So, not too long ago I came across this article from NPR. The title of the article poses a particularly interesting question, at least to anthropologists, “Can Photos Save A Vanishing Culture?”
The idea of “vanishing” cultures has been plaguing anthropologists since the field came into existence in the 19th century. The goal of anthropology at this point in the early years of our American “brand” of the discipline was to record as much ethnic and historical data as we could about the Native American cultures as we could before they were wiped out or assimilated in to Western European culture and lost the culture of their ancestors.
More recently (which in anthropology means the last 20 or 30 years…) there has been debate about whether or not recording vanishing cultures in places like the Arctic, North America, and Australia (just to name a few) was doing anybody any good if there was no one left with the cultural knowledge, and especially context of the cultural knowledge, to explain and teach others about its meaning.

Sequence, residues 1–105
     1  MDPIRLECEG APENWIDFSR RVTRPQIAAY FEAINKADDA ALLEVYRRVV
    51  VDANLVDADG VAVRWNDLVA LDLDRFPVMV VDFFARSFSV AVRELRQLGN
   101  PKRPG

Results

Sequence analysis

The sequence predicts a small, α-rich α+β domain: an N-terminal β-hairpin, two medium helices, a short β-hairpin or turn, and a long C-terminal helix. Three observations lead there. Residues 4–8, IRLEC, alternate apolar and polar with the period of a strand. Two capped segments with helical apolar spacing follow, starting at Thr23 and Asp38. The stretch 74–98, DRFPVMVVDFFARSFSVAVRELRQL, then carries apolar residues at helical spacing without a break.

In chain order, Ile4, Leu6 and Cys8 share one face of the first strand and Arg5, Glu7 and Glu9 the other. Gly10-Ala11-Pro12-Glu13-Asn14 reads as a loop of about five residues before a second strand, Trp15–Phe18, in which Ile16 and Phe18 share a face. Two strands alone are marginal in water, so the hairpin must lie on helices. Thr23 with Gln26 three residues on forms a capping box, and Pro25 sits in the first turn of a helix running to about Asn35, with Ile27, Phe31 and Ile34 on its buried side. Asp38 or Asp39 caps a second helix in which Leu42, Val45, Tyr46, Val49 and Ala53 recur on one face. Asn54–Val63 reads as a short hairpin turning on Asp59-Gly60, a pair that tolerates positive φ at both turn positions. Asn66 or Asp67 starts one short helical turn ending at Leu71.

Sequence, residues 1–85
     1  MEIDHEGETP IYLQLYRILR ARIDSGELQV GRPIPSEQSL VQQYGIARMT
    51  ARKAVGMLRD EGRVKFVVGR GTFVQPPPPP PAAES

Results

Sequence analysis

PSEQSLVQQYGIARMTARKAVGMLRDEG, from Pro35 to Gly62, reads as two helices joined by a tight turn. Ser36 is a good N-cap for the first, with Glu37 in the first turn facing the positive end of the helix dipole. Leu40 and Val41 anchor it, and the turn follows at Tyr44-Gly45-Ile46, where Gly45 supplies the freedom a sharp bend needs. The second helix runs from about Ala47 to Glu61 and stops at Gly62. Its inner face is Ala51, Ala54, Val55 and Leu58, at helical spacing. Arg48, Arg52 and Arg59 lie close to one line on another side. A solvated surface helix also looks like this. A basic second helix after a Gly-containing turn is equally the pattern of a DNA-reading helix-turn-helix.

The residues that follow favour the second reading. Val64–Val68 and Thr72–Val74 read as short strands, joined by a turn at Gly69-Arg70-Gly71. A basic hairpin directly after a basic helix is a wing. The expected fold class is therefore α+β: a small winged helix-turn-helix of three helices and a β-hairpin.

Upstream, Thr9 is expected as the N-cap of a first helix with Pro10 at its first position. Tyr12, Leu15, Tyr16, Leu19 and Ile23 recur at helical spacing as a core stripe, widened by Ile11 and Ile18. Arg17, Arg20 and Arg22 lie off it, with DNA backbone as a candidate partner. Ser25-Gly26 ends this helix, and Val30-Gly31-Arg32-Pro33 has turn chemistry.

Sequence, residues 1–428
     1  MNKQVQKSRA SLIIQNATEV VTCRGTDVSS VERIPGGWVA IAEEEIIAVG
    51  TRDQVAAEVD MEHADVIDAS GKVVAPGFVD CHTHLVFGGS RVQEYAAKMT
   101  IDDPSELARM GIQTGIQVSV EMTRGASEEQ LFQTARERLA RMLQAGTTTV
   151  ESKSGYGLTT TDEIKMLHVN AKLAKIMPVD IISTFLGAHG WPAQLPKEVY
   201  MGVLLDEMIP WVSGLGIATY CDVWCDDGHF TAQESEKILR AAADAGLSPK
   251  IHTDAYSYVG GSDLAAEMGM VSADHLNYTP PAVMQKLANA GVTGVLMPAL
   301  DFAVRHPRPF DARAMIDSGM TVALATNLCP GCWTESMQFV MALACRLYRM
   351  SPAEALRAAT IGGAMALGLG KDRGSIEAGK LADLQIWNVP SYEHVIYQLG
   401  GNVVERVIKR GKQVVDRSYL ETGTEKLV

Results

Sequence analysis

According to the NPR article, Taylor Weidman and Nina Wegner founded the Vanishing Cultures Project in order to preserve and support vanishing traditional cultures.
With this in mind, I would pose the same question that has been raised in anthropology: will photos of cultures be worth taking if there is no context within which to look at and understand the photographs?
I don’t mean to say that this project is not worth while. On the contrary, I believe that this will bring attention to cultures that are on the verge of disappearing and hopefully help the cultures continue on for generations. My point is that there is more to preserving a culture than taking pictures, writing down stories, or making recordings of language that will not have contexts in the future without the cultures that they were created by. My hope is that this project is successful in preserving cultures, including preserving the cultural contexts as well as photos, histories, languages, and anything else that could be collected.